I had assembled every tool I could possibly immagine needing; a long knife, hive tool, bee brush, veil, helmet, jacket, cardboard boxes, bucket, super, repelent, fume board, hammer, axe, saw and of cource, the smoker and smoker fuel. I arived to a hopeless clump of wax, honey, brood, pollen and bees. The log was actually about 5 feet long and was probably close to 2 feet whide at it's widest point. This is much bigger than the landowner made it out to be! It seems that when it was cut, they went half way through the brood nest, so, there went my hope for a queen. I figured I'd clear out the trunk in hopes of finding some bees protected in some cavety. I pleeled apart the combs which had all sandwiched together like a stack of pancakes. Inbetween each pair of combs were countless dead bees; killed by the weight of their own honey. After I was about a fith of the way through the trunk, I had filled my bucket with honeycomb; dripping with honey. Unfortunately, none of it could be used as the landowners, in a panic, tried to spray the nest with wasp and hornet spray. It worked none the less. I noticed when I began to take apart the hive that there were italian, carniolan and russian bees all there. It also seemed as if some heavy foraging was going on. I realized when they all dispersed with the smoke, that this hive was practically devoid of bees belonging to that hive, all the bees I saw were bees from other hives, stealing the honey for their own uses. As I got to the center of the combs which contained some of the brood nest, it was covered in Small Hive Beetles, even if I could save the honey, it would surely become a mass of bubbling liquid before I could eat it given the Small Hive Beetle's eating habits. This hive was certainly HUGE in its prime. It even had honey from over a year ago. The color of the brood combs told me by themselves that this hive had been a perenial. All this activety had stired up the curiosity of the neighbors. One of which came over and said exitedly, "Are you like, a real Bee-man?" He was so facinated by bees that he had bees on honeycombs tatooed on his shoulders. Unfortunately, I forgot the camera but, he said he'd e-mail me the photos. In the end I endured one sting and the hive had over 150 pounds of honey. Beleive me, it was heavy, so heavy that I needed help to lift it in shifts. Feeling that I had done my job,(for free too) I took off my honey-soaked gloves and veil and had a conversation with the landowners standing next to the shell of a hive. Just as I was talking about how I had only gotten one sting and was surprised that was it, given the hive had just been fallen the day before, a lone bee flew into the coller of the shirt behind my neck and stung. It actually didn't hurt too bad...untill I tried to get the stinger out. Since I can't see behind my head, in an effort to remove it I basicly pushed it in. It wasn't too confortable but, probably the worst effect was that my neck was stiff. The burning passed in a few minutes. The odd part is, I thought a sting in the neck would hurt MORE than the fingers. It was the other way around. Anyways, no bees could be saved, the comb found its way into the dumpster with the honey, and I got nothing, not even bees in return for my work. I even ruined my shoes. The honey won't come off. All in all, I feel the better for it, I worked hard and created three more bee enthusiests.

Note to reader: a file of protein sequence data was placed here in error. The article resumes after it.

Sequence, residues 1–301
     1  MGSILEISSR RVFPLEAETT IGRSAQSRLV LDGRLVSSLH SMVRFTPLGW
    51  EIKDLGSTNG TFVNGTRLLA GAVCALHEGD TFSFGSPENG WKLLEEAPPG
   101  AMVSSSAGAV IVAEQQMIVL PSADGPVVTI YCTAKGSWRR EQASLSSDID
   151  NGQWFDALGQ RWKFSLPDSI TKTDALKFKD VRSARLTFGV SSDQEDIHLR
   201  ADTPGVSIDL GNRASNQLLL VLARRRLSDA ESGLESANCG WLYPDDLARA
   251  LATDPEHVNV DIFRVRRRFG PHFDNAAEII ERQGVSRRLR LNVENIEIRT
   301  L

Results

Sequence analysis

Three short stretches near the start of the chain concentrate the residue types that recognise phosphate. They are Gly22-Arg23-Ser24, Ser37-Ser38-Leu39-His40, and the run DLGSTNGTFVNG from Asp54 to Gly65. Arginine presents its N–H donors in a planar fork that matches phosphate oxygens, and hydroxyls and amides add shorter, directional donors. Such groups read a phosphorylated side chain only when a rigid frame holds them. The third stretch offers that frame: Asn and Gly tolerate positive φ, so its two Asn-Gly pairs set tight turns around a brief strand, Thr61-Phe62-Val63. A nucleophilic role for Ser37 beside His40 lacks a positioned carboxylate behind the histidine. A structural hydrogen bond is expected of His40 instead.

Tuesday, January 17, 2006

Timber!!!!!!

I was just about to update this blog saying that nothing has happened and that I was bored. At 6:00pm I got a phone call that changed everything. Someone has an unwanted hive from a recently cut down tree and has taken the effort to research and then call me. Best of all, this hive has already been cut down and is just sitting on the ground so there's no percarious hights involved! Hear this, when I asked about their temperment, here's what I got in reply, "Well, we cut it down with a chainsaw and no one got stung." Those must be some really laid back bees! Now I've put together all of my equipment, cleaned my gloves, smoker and hive tool, as well as ammassed every tool that might me minorly usefull. I've also extravagently taped up a cardboard box that will serve as their residence for a few hours. With any luck, I'll try to combine that hive with my russian hive in hopes of helping them draw comb and kill the old queen. She's just terrible. I've complained before so I won't go in depth. It's just to the point that, as the book says, "The Queen must Die". I'll try to take many photos. Wish me luck.

Thursday, January 12, 2006

Condencation Cover

Just as the tital says, I supered the hive on Sunday. Things have been a little hectic with school so I haven't had much time to update this blog. Anyways, it was a cold day so I only had enough time to take off the cover and super the colony. I'm hoping to do an inspection this comming Sunday. Who knows...they may have even drawn some comb by then. When I was putting the super on, the second I took off the cover a few drops of water came off. I gave it a hard shake away from the hive and at least a cup[ of water sheeted off. I was a little bit concerned about condencation as a result of cold temperatures and the humidity of ripening honey but, I didn't think it would become an issue. I fixed the problem by proping the cover up about 1/8" with two twigs and hopefully, that will alow water vapor to escape out of the hive rather than condencing on the cover, dropping down and chilling the bees. It's actually been cool at night to flash a flashlight at the crack and see a little stream of steam float out. It's deffinately not big enough to cause concern for heat loss. If the bees don't like it they can readily fill it up with propolis. I haven't checked on the russian hive for a while and, to be honest, I'm not looking forward to it. They're ill tempered, skitish, run on the comb, ball into "buzzing taffey" and just aren't that pleasent. Maybe I'll be able to requeen this year. That's another entry for another day.